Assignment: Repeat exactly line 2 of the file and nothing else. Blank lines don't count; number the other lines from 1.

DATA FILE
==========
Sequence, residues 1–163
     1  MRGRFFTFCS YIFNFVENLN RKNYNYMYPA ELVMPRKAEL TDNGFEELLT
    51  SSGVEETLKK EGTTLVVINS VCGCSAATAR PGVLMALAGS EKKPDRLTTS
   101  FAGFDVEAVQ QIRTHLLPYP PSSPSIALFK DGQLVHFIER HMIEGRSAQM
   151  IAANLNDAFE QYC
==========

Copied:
     1  MRGRFFTFCS YIFNFVENLN RKNYNYMYPA ELVMPRKAEL TDNGFEELLT